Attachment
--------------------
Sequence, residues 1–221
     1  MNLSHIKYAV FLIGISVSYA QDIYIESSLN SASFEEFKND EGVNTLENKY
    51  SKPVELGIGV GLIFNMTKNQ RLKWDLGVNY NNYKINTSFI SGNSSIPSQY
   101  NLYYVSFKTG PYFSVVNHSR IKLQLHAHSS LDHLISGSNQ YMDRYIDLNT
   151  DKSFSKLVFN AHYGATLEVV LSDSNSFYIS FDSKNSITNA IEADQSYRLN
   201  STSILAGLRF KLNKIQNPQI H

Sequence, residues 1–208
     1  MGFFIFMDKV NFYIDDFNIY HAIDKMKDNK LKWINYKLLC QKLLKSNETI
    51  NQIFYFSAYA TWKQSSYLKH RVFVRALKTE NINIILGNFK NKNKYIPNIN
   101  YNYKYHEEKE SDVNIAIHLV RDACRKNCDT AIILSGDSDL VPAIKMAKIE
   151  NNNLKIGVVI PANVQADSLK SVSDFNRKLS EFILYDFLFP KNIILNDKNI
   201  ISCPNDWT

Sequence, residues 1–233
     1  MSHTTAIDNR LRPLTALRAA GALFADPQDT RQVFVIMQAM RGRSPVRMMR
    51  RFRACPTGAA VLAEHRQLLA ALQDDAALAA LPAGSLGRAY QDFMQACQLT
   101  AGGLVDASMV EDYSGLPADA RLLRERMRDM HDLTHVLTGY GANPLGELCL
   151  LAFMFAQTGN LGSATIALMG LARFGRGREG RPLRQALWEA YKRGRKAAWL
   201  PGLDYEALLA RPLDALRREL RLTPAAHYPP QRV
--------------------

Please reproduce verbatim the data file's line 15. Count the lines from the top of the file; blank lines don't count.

    51  RFRACPTGAA VLAEHRQLLA ALQDDAALAA LPAGSLGRAY QDFMQACQLT